The following is an excerpt of a piece I’m currently working on. I pray this impacts you, even just a little. Enjoy!
A published writer recently challenged me to write 500 words a day. I’d told him about my desire to write and about my struggle to get words down on a page. “I just don’t have enough to write about.”
“I bet you do,” he responded
“Just write. Anything.” And so, this is my response to that challenge. I will attempt to write 500 words a day. I don’t know when I’ll end or what this will look like once I’m finished. I don’t want to give this bones; I don’t desire a set structure. Because as I sit here typing whatever words come to my mind, I can feel it. I felt it before I even started writing, before I sat down in front of my computer screen. I felt it as I took a sip of water, set the bottle down and as I took a deep breath. I felt it in the tension of the music I played in the background. I felt it as tears rolled down my face in that all too familiar way. I felt it as my thoughts loosened and my words became limber. I felt it as my fingers stretched across the keyboard in anticipation of what was building up inside me. I felt the release as my fingers clicked the keyboard ushering in a crusade of thoughts and ideas to the page. This is my gift. God himself has given me the ability and finesse to write. There is no place where that truth rings louder in the space between my ears than when I sit down to write.
Gifts are a strange thing. In Christian circles, gifts are synonymous with talent; whatever you’re talented in is your gift, in most cases. Personally, I prefer the word “gift.” it more accurately explains the almost ethereal quality of whatever you’re talented at. Pélé, the famous Brazilian soccer player, was a talented since birth. Growing up without means to a football, he dribbled grapefruits and soon played for minor leagues in his area. As time passed, people began to notice his talent but also his innate flair for ball handling. Time, practice, and hard work have made his game what it was at his prime. Most commentators would call him the best player of all time. But not merely because of talent, because of his gift. Even the best musicians and artists measure skill in the same way. To be able to know an instrument forwards and backwards takes time and talent. But every musician can point to one guitarist or vocalist or percussionist or whomever whose expression of their gift is beyond just talent. Whether you call it a groove, sweet spot or mere luck of the draw, everyone can tell when someone is gifted. There is something distinctly different; as if they have been made to do exactly that. They become so attuned to their instrument it becomes an expression of their creativity inside, a mere muscle that can be counted on under the most demanding circumstances.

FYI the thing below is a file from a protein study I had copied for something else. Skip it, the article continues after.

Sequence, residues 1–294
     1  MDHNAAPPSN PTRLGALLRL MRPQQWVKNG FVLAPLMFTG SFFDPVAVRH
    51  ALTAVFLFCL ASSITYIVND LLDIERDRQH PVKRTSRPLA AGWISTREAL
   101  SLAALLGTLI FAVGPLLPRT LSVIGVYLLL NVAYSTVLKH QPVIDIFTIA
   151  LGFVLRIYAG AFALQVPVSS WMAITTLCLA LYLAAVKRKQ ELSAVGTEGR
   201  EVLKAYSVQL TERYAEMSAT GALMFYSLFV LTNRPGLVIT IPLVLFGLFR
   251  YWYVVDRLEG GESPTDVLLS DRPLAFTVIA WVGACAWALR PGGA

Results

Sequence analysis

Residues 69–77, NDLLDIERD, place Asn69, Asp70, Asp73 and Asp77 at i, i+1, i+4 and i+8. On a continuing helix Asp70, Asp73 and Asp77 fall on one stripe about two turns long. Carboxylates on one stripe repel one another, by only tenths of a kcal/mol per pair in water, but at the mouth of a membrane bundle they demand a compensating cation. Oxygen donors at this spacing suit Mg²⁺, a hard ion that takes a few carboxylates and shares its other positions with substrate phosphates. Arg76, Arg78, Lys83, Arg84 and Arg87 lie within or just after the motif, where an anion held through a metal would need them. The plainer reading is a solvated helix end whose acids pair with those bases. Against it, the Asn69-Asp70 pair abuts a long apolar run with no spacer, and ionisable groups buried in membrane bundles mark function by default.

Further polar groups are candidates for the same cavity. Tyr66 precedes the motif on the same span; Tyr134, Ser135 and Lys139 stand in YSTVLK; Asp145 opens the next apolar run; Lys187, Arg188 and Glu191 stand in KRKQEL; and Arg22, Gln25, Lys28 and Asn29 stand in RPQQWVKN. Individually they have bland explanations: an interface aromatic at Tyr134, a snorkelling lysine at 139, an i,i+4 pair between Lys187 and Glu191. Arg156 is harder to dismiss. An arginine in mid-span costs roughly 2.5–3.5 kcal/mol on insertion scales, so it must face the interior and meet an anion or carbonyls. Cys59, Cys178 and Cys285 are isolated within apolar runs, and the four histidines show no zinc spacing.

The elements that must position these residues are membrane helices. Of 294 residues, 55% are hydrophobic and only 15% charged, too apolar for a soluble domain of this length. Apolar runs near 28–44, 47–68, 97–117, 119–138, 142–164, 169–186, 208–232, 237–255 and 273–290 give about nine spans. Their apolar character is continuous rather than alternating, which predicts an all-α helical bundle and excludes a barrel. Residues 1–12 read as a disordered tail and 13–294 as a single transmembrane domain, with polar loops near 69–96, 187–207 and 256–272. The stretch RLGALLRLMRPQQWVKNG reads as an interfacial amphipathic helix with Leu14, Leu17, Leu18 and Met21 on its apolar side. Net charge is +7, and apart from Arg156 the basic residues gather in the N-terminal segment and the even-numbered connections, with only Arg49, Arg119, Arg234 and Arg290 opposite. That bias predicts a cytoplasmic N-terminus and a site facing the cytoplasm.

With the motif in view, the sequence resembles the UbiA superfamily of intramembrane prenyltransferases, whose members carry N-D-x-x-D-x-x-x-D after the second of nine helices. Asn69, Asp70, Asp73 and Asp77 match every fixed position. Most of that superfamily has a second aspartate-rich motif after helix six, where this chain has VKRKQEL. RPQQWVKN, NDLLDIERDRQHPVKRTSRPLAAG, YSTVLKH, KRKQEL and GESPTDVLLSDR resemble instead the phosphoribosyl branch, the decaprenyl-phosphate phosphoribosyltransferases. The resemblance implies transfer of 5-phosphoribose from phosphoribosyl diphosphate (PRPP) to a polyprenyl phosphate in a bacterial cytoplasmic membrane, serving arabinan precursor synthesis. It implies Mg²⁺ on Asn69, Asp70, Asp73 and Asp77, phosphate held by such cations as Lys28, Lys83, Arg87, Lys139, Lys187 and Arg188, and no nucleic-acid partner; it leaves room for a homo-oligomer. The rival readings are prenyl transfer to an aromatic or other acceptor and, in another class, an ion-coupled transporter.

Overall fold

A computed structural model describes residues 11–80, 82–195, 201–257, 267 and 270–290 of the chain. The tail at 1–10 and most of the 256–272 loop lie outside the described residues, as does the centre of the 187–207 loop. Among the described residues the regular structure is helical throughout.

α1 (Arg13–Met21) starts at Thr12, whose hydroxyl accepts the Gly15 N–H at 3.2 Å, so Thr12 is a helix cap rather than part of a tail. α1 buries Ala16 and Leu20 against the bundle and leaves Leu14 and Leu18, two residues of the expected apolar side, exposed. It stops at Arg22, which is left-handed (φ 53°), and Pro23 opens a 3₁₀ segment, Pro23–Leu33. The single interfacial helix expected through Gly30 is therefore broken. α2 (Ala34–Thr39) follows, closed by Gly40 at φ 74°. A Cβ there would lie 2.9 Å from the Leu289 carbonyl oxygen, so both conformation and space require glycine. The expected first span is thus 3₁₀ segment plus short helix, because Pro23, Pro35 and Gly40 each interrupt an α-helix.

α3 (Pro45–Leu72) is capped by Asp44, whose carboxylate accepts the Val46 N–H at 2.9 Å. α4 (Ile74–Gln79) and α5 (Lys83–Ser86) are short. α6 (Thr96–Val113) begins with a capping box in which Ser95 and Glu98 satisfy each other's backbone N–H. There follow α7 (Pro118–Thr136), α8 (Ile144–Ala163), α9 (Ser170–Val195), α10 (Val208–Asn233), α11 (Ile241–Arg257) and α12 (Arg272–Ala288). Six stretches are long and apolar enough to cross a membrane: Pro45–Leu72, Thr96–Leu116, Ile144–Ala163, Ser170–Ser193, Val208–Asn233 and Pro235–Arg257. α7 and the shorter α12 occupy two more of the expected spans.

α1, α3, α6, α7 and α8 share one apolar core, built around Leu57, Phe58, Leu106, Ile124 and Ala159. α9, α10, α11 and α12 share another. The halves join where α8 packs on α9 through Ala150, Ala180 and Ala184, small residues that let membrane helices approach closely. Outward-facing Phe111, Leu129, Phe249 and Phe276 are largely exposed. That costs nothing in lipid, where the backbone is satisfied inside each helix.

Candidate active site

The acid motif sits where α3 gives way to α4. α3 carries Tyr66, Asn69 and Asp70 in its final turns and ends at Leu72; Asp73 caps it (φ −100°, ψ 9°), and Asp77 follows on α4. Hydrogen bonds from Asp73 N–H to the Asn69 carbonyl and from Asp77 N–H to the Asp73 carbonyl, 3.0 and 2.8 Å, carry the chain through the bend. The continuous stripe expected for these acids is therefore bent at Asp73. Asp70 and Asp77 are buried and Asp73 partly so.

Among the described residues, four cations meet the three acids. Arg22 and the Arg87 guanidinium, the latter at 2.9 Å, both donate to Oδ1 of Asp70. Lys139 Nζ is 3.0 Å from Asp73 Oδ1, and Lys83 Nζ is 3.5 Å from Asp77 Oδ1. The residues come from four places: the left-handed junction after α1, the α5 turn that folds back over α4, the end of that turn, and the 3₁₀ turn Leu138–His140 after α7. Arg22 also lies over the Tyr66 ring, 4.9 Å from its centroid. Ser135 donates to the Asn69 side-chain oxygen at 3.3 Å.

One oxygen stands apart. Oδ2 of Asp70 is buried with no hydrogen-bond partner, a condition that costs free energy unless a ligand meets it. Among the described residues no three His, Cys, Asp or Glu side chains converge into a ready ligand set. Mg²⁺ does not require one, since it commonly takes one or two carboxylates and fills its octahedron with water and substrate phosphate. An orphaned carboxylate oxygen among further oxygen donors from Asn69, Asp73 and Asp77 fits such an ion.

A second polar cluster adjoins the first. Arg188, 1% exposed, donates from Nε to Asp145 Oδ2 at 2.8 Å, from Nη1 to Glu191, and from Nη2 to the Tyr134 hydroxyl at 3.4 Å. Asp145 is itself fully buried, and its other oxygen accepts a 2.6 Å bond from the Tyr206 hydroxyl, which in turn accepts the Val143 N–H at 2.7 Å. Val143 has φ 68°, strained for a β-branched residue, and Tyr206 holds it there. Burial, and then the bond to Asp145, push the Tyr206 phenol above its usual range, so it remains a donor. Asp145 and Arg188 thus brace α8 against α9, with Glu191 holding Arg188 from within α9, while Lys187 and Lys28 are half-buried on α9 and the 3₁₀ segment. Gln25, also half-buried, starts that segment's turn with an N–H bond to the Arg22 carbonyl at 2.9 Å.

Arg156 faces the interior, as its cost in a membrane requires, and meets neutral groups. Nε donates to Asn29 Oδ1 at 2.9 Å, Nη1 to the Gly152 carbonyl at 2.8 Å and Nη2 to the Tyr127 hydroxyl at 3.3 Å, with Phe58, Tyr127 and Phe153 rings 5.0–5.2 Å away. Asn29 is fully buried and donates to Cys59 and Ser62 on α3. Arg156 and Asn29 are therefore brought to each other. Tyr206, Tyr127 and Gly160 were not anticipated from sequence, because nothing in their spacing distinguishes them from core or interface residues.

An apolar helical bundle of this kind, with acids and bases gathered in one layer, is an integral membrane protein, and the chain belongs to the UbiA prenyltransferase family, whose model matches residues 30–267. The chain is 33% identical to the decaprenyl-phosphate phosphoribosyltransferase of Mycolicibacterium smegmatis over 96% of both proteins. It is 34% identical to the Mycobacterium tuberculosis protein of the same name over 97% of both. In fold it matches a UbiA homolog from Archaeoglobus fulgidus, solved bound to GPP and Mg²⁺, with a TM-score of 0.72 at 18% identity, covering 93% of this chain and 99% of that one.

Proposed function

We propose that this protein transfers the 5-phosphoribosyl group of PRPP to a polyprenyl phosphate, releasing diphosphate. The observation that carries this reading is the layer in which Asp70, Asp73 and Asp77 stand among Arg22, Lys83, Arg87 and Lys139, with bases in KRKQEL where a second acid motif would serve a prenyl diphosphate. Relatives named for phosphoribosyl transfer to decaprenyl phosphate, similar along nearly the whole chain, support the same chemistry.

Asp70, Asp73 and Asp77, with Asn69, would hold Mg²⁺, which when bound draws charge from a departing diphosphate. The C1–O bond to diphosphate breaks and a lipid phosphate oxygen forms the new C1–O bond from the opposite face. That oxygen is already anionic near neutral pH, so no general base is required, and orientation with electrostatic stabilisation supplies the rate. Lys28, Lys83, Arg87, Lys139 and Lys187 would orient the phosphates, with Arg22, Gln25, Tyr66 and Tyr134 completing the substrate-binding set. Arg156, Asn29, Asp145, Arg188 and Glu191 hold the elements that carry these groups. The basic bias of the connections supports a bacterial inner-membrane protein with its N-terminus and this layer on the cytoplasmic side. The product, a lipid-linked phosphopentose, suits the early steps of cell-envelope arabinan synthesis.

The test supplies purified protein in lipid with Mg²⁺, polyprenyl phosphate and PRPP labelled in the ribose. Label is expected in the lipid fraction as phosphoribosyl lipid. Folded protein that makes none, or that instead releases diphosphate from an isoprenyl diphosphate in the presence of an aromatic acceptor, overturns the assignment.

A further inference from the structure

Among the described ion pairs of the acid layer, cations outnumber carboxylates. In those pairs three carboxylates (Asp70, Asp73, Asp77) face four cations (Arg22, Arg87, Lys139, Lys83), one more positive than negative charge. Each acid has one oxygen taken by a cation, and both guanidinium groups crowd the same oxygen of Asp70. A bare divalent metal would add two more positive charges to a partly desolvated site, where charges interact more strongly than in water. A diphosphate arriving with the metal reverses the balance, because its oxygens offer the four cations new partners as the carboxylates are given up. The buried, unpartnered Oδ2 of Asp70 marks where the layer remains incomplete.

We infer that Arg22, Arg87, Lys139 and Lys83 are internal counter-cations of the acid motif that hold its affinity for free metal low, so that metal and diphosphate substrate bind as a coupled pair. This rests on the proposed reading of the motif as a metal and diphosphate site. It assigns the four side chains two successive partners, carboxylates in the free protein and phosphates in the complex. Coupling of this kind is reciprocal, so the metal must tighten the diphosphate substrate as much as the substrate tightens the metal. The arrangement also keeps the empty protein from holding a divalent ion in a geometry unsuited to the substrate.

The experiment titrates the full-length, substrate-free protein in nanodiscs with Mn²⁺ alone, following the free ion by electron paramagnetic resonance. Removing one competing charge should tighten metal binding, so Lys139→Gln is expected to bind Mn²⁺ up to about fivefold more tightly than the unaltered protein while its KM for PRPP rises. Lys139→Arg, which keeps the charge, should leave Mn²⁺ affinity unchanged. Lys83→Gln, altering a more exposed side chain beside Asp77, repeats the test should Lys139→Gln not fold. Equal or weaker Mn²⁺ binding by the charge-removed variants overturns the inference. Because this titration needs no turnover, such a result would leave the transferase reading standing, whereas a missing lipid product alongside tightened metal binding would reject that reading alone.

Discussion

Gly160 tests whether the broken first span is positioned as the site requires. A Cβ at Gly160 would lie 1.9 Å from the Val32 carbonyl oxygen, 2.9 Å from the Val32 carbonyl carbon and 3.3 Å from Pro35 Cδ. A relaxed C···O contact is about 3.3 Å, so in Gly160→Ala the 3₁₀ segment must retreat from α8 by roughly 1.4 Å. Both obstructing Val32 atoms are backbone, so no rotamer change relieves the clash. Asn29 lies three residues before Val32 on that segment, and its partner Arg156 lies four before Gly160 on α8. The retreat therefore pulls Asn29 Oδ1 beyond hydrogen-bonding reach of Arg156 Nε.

Probably at this point you agree with me on the distinction between “gift” and “talent” but you fear I may be a bit too pretentious in my introduction of myself (which you may be right.) I would too if it were not for one thing that ruins gifts for most. Talent can be earned. It can be etched, shaped, prodded, molded, and formed. But gifts, gifts are different. I have no claim to the way I write. I did not wake up one day and decide to write. Although I have had years of schooling, I couldn’t tell you anything about classic literature or prose of great authors. I can have the most extensive vocabulary but not have any power to pierce a heart because I am not the source of my gift. I’m not the original. The impact of a gift is at the mercy of a giver. I can only receive what has been given and try to explain its meaning to others. My knack for writing was given to me. And that’s what brings every egotistical tower of collected accolades crashing down. Gifts are humbling. Because as soon as I try to try, my gift means nothing. And so, as you read, I hope you understand that this book is not a badge of honor but a labor of thanksgiving. I am gifted. I am made for this. But what I offer is not the penultimate. Not even close.